CC: We have a number of interactions with the electronic health record industry. Through our interactions with the Office of the National Coordinator for Health Information Technology, we participate in a number of their committees. We have been asked to increasingly specify many of our measures for electronic use. So this gets down into the weeds of the technical part of what do those specifications require and what kind of expertise do you need. My personal view is we should be doing a lot more of this. We're seeking support to impanel standing committees charged with making recommendations that would immediately allow the electronic record vendors to make possible the ability to report measures electronically.

It's unfortunate that we don't have more flexible technology in the process of collecting electronic information even now. You'd like to think in this cloud-based world that you could just pluck some data elements out of whomever's record it is, put it together, push some button on your keyboard, and send it to whomever needs it. That's the dream future state that we'd all like to get to—so that people didn't have to spend extra time, hire extra staff to collect the data that needs to be reported. We're not there yet. So we are eager to work with the electronic data world in order to make that happen.

RW: A few years ago, there was a case that got a lot of press related to conflicts of interest within the organization around safety practices. Without going into the specifics of the case, can you talk about how you manage this issue, given that you have a huge number of experts and many of them do have conflicts?

CC: I'm glad you asked about that because that report on our audit of safe practices is another example of a way in which we've been able to respond in real time. A concern emerged about potential conflicts of interest and a report on safe practices that had been issued in 2010, which probably needed to be re-reviewed anyway. In light of that new information, we impaneled a group of experts (in full disclosure we should say that you were a member of that group). That group—this was a bunch of real experts in the field—responded very quickly. We pulled our staff together, reviewed all of the 34 safe practices and reference citations, deleted obsolete references, added current references, and recommended substantive changes where there were potential conflicts in the recommendations. We wanted to especially look at those, but also where new evidence had emerged. Interestingly, many of the safe practices were not changed, but the evidence was updated and that was helped along by a terrific report updating the evidence on patient safety practices from the Agency for Healthcare Research and Quality that came out in 2013. And CDC also had a report that was helpful. So we didn't have to do extensive literature reviews. After receiving public comment, the report is now finished and has been released.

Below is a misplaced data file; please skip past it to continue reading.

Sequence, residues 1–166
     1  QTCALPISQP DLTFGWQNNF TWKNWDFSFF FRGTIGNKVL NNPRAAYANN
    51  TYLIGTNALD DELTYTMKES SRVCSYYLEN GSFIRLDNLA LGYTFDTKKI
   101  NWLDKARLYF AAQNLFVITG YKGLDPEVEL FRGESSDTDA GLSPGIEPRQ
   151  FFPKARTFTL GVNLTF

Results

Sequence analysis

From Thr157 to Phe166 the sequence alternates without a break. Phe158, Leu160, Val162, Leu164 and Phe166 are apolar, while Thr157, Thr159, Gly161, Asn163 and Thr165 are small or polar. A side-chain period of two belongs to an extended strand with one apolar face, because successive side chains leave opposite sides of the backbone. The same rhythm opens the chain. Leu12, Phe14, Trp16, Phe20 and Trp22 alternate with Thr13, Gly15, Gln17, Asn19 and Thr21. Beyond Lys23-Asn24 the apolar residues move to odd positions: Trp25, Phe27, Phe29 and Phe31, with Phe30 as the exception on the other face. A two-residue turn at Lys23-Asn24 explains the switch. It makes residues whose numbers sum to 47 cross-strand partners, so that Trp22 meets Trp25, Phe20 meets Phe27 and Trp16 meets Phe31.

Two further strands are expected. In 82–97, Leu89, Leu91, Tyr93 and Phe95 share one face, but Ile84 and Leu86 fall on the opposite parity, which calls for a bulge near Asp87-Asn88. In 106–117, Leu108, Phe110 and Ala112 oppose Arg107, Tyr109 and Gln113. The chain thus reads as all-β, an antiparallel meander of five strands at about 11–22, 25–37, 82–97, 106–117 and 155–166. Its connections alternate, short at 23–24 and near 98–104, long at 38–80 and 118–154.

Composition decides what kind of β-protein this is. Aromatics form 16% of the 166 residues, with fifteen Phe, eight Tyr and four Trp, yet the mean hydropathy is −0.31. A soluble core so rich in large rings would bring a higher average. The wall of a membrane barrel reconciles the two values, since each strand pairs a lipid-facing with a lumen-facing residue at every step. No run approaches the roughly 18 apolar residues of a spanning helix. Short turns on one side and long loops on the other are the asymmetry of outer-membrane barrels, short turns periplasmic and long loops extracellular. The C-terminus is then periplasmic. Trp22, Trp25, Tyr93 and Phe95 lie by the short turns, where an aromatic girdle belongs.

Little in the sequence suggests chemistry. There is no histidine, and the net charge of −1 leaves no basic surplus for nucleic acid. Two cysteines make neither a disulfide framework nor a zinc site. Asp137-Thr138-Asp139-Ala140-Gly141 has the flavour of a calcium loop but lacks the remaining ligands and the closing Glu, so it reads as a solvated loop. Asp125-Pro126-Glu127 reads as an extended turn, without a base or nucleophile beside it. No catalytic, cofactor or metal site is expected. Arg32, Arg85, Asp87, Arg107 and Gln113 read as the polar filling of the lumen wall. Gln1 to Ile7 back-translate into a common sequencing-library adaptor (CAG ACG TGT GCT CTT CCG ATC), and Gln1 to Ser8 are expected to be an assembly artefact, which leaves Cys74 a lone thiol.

RW: Diagnostic errors are an important issue. They are tricky to measure, and given the profusion of measures in safety that your organization does endorse, there's a risk that the world will shift its attention away from diagnoses if there are no good measures. What do you think about the state of measurement and how do we as a system deal with that asymmetry of measurement when an issue is really important?